Public Health England
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JCVI advises prioritising homeless people and rough sleepers for COVID-19 vaccine

The JCVI has advised the government to prioritise people experiencing homelessness, including those sleeping rough, for the coronavirus (COVID-19) vaccine.

Many people who are homeless or sleeping rough are likely to have underlying health conditions which would place them in priority group 6. These are likely to be under-diagnosed or not properly reflected in GP records.

Due to current restrictions, many thousands of people who sleep rough have been housed in emergency accommodation. This provides a unique opportunity to offer vaccination to those often unable to access basic healthcare.

The Joint Committee on Vaccination and Immunisation (JCVI) advises that local teams consider a universal offer to adults experiencing homelessness and rough sleeping alongside those in priority group 6.

They should also be offered the vaccine without the need for an NHS number or GP registration.

Local decisions should be taken on whether a shorter schedule may be offered if they are unlikely to return for the second dose at 12 weeks.

Operationally, it is anticipated that the Oxford-AstraZeneca vaccine will be easier to deploy to this group of people. The optimal timing for the second dose of the Oxford-AstraZeneca vaccine is 8 to 12 weeks after the first dose.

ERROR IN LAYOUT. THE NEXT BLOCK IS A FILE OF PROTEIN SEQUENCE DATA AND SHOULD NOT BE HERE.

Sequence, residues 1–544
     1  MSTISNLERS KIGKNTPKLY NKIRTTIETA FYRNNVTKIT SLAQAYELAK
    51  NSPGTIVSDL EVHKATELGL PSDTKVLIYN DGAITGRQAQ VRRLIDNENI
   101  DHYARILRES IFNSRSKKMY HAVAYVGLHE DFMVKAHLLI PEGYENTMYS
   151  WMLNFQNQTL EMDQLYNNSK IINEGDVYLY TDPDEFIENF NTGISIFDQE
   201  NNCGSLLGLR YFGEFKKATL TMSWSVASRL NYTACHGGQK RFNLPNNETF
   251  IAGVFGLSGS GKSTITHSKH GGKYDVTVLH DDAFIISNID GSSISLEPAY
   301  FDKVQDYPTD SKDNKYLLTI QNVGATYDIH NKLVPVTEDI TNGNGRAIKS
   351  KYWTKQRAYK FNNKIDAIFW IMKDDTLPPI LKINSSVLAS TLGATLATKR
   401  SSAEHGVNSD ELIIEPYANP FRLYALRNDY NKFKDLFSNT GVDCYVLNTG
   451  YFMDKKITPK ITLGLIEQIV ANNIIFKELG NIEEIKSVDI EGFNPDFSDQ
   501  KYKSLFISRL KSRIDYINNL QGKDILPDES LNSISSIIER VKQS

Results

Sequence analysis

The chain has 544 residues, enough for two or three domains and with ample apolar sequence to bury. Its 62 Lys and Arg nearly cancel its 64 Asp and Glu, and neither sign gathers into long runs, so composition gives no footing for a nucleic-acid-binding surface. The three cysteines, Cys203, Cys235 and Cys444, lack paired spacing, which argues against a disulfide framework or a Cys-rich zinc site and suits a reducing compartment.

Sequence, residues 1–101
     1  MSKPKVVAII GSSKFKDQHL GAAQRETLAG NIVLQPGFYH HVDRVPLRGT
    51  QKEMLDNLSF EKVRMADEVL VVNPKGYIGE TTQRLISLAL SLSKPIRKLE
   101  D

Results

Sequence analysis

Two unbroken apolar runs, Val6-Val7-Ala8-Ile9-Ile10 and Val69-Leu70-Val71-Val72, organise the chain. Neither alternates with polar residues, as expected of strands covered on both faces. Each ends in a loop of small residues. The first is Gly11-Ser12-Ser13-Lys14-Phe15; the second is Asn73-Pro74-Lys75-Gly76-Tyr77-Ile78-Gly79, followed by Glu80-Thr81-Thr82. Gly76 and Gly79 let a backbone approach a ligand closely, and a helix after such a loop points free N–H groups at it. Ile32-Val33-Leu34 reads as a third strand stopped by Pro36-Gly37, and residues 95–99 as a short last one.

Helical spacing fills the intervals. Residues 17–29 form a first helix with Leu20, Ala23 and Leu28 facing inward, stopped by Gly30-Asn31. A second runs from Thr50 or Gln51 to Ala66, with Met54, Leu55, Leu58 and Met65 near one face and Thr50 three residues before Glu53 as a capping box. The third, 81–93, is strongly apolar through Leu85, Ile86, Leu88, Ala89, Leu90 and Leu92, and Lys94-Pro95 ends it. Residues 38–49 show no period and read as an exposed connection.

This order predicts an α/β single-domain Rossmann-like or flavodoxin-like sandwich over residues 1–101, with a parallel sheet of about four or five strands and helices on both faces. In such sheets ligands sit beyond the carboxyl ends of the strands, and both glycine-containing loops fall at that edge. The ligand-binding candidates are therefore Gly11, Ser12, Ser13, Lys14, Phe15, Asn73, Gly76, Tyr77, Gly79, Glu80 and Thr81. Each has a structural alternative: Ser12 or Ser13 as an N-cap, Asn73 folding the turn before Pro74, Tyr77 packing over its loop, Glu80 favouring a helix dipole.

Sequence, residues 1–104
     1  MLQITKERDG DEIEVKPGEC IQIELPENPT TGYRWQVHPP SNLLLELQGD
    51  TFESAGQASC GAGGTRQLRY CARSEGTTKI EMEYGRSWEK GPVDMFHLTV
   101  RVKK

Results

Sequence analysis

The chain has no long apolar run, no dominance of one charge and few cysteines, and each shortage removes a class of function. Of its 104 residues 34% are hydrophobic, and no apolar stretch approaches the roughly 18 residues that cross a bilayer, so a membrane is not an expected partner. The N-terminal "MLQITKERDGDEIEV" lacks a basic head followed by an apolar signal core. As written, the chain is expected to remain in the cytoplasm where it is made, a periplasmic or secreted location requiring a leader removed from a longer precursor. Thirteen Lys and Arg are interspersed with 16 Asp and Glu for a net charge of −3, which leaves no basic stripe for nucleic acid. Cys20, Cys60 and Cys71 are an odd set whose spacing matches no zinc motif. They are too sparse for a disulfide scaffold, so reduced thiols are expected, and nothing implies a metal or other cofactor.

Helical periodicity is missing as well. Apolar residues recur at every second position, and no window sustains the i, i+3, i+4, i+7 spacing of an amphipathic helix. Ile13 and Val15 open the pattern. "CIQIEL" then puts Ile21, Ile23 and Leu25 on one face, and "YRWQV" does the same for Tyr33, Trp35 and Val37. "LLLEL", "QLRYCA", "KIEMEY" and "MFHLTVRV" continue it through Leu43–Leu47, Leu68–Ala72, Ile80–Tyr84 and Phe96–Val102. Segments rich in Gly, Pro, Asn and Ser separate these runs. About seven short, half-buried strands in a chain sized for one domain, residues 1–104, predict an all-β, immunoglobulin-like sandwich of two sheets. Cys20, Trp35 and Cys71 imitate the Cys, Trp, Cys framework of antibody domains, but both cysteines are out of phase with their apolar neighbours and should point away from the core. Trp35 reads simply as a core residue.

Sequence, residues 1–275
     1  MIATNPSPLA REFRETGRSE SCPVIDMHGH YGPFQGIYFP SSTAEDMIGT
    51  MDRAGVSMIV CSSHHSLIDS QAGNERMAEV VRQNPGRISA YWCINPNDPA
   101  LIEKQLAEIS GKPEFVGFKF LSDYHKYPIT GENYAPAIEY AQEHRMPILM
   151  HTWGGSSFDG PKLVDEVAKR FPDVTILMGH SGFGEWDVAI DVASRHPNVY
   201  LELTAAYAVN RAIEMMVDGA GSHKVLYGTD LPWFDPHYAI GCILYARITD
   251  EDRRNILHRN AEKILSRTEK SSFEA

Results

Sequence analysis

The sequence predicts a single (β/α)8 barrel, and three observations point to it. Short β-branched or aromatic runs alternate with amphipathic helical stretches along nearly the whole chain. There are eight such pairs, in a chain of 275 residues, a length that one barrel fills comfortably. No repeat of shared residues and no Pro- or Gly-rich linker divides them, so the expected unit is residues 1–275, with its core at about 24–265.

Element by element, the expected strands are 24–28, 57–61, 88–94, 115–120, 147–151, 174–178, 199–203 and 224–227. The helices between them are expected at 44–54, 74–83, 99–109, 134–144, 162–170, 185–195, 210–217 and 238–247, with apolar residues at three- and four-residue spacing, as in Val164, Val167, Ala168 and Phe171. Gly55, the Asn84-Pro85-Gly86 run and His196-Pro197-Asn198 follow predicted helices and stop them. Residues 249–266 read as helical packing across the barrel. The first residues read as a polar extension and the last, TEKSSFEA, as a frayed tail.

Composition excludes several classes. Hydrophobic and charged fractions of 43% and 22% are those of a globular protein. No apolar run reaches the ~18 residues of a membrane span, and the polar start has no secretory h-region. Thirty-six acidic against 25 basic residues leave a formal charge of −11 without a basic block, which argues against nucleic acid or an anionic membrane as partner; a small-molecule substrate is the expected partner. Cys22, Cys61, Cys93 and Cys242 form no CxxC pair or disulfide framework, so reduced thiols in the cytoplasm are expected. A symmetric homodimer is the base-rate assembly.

Professor Wei Shen Lim, COVID-19 Chair for JCVI, yesterday said:

The JCVI’s advice on COVID-19 vaccine prioritisation was developed with the aim of preventing as many deaths as possible.

People experiencing homelessness are likely to have health conditions that put them at higher risk of death from COVID-19.

This advice will help us to protect more people who are at greater risk, ensuring that fewer people become seriously ill or die from the virus.

Rosanna O’Connor, Acting Director for Health Improvement at Public Health England, yesterday said:

People who are homeless or who sleep rough face reduced access to healthcare, and experience some of the highest rates of poor health outcomes and undiagnosed health issues.

We welcome this decision of JCVI and are pleased to have supported the committee with the evidence that helped make this decision, which will protect those who are most vulnerable and may be at increased of severe illness or death from COVID-19.

The JCVI will continue to consider the emerging evidence and will keep its advice under review.

The JCVI letter outlining the recommendations is available in full.

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